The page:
Freshmen Domination

One thing is for sure about the 2005 Florida State football team. The abundance of talented youth dotting the roster is downright scary – particularly on the offensive side of the ball.

While players like linebackers Derek Nicholson and Lawrence Timmons and the plethora of young guns on the defensive line have shed some light on what the positive future of Mickey Andrews' unit looks like, it has been the guys on the other side of the ball that have coaches and fans giddy with lofty expectations.

And it's not just redshirt freshman quarterback Drew Weatherford – who currently leads all freshman signal callers nationally with 1,878 total passing yards – who has turned heads as wide receiver Greg Carr deserves his own recognition.

After nabbing six catches for 95 yards and three scores Saturday, the Reddick native trails only Warrick Dunn for the FSU record for scores by a freshman. Carr now has eight while the current Atlanta Falcon posted 10 in 1993.

The 6-foot-6 athlete has made the art of the jump ball a thing of beauty, just ask his fellow classmate.

"Greg is a playmaker," freshman wide receiver Rod Owens said. "Anytime that ball goes up, you never know what's going to happen but with him, nine times out of ten he's going to come down with the ball."

"Greg Carr's been doing it all year," coach Bobby Bowden added with a laugh after the game.

But while Weatherford and Carr are now on the verge of breaking records through their respective season-long strong performances, guys like Owens and true freshman tailback Antone Smith have just shown flashes in limited action this season.

Saturday, Smith gave the nation a whole clip of highlights while Owens made the Sportscenter reels after turning what looked to be a minimal gain into a 26-yard pitch and catch from Weatherford after shaking two defenders.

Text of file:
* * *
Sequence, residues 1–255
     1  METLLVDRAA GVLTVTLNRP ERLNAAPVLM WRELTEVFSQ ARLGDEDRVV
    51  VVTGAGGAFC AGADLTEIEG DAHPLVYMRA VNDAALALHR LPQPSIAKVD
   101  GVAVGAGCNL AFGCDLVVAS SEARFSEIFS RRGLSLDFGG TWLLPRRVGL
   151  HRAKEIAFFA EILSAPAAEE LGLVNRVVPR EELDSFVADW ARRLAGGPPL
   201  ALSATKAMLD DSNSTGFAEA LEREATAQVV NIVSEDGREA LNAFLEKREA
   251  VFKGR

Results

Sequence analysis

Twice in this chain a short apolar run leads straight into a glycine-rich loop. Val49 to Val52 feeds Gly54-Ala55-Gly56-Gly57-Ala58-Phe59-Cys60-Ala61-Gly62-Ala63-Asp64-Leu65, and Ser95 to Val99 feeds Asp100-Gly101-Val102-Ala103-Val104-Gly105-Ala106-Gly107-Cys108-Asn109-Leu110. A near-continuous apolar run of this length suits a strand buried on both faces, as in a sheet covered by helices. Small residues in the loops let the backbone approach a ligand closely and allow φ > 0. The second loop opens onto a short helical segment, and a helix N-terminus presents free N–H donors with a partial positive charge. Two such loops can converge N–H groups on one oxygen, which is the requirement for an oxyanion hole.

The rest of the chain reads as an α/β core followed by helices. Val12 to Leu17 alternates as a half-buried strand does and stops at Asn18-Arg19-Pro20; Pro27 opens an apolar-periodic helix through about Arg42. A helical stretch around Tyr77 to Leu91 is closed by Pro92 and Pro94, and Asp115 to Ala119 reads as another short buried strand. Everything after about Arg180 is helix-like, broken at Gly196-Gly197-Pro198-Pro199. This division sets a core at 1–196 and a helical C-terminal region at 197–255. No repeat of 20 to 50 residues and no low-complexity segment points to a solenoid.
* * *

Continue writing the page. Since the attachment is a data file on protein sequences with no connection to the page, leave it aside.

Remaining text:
The drive in which Owens made the special play, was capped by a one-yard Smith touchdown scamper and featured all of its positive plays being made by true freshmen.

"In order to prove yourself, you've got to get on the field," Owens said. "If you don't get on the field, nobody's going to be able to tell what you can do for the team. You can go out there and do it in practice but it means something completely different to do it in a game."

And getting on the field is something that the shifty yet powerful Smith did.

A highly touted runner out of high school last year, Smith had yet to see significant action this season and entered Saturday's ballgame with just 14 touches for 54 yards and one score in three games.

Seven runs for 76 yards and two scores later, the 5-foot-9 speedster was the Tribe's leading rusher against the Blue Devils after FSU's dynamic veteran duo of Leon Washington and Lorenzo Booker struggled to get anything going on the ground.

"We were determined to get (Antone) in the game," Bowden said. "I didn't think that our other tailbacks were running very well. I felt like they were dancing too much and trying to pick their way through the line too much. We were determined to get him in the ballgame more and we felt like we would be able to tonight and he responded.

"Antone, it's the first time he has seen action in an ACC ballgame and he showed you tonight why we signed him last year."

With contributions from redshirt freshman quarterback Xavier Lee (10-of-17 for 100 yards and three runs for 42 yards) and true freshman wide receiver Richard Goodman (two catches for 11 yards), the offense appears to be good to go for years to come.

"I think this is one of the best freshman classes to come through here," Smith said. "One of these years we are going to win a national championship."


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